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Emma Watson – He for She – A Gender Equality Movement

I think Emma Watson spoke for all forward thinking people in our community when she inspired and moved the UN audience through her presentation in 2014. Her presentation to the UN was a nervous one, but one full of hope and expectation and was a call to action. Scroll to the end of this Blog to see her UN presentation. But here Emmsa speaks further about the ‘He for She’ movement on International Women’s day in 2015.

EWThe Workplace Gender Equality Agency (WGEA) in Australia recently released its groundbreaking research on gender equality. After you watch Emma, scroll down for fast facts from this significant research:

Fast Facts:

  • women comprise a quarter of management positions despite making up half the workforce;
  • Women are paid 24.7 per cent less than men who perform the same work;
  • 13.6 per cent of employers have a strategy for flexible working and only 7.1 per cent of employers have an articulated stand-alone strategy to achieve gender equality.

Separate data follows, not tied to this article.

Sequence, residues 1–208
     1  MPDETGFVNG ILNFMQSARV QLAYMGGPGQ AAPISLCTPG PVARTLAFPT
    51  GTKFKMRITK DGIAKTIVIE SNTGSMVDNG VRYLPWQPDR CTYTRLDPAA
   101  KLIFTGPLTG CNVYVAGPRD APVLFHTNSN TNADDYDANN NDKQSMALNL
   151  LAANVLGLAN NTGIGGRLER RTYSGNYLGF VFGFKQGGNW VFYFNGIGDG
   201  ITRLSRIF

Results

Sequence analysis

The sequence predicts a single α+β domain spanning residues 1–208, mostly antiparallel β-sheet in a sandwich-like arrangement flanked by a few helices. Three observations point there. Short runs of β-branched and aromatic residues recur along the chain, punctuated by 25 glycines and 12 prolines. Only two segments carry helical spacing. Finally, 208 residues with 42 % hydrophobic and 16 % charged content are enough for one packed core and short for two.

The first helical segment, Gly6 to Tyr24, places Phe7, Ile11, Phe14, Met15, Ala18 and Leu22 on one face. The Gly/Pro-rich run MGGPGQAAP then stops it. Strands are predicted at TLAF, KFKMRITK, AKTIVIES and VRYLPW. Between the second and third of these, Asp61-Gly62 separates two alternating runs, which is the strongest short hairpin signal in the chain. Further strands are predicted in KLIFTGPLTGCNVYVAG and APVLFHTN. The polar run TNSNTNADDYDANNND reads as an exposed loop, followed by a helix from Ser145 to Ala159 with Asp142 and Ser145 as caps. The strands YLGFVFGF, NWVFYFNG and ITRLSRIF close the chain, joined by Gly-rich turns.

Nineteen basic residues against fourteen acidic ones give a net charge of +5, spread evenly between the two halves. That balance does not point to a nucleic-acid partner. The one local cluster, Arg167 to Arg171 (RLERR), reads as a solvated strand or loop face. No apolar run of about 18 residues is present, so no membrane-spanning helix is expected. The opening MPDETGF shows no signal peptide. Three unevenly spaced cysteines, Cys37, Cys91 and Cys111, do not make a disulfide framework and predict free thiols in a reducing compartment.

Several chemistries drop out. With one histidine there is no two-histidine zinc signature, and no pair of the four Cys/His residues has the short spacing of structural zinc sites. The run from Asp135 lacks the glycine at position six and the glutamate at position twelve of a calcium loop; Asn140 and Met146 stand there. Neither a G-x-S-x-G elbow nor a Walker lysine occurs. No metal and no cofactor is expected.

Just under half the 11000 employers covered by the report offered paid parental leave on top of the scheme introduced by the former Labor government.

Gender Equality Agency director Helen Conway said the message from the report was that “at every level the workplace pipeline is blocked for women”.

Key Findings:

  • While making up 48.5 per cent of the workforce, women account for just 35.8 per cent of full-time employees and only 17.3% of CEO/Head of Business positions
  • Men fill 76.24%of directorships, 88.12%of board chairmanships and 82.7% of chief executive positions.
  • The proportion of women declines as management levels approach the chief executive level, with women comprising less than 30% of CEOs’ direct report.
  • The gender pay gap is almost 19.9% for base pay but rises to almost 25 % for total remuneration.
  • The biggest total remuneration gender gap is in financial and insurance services (36.1 per cent), while the narrowest gap is in education and training (9.6 per cent).
  • While almost one in every two employers has a gender remuneration strategy, only 18.1 per cent have pay equity objectives as part of the strategy.

Discrimination in Australian Workplaces – Looking Into The Past Can Help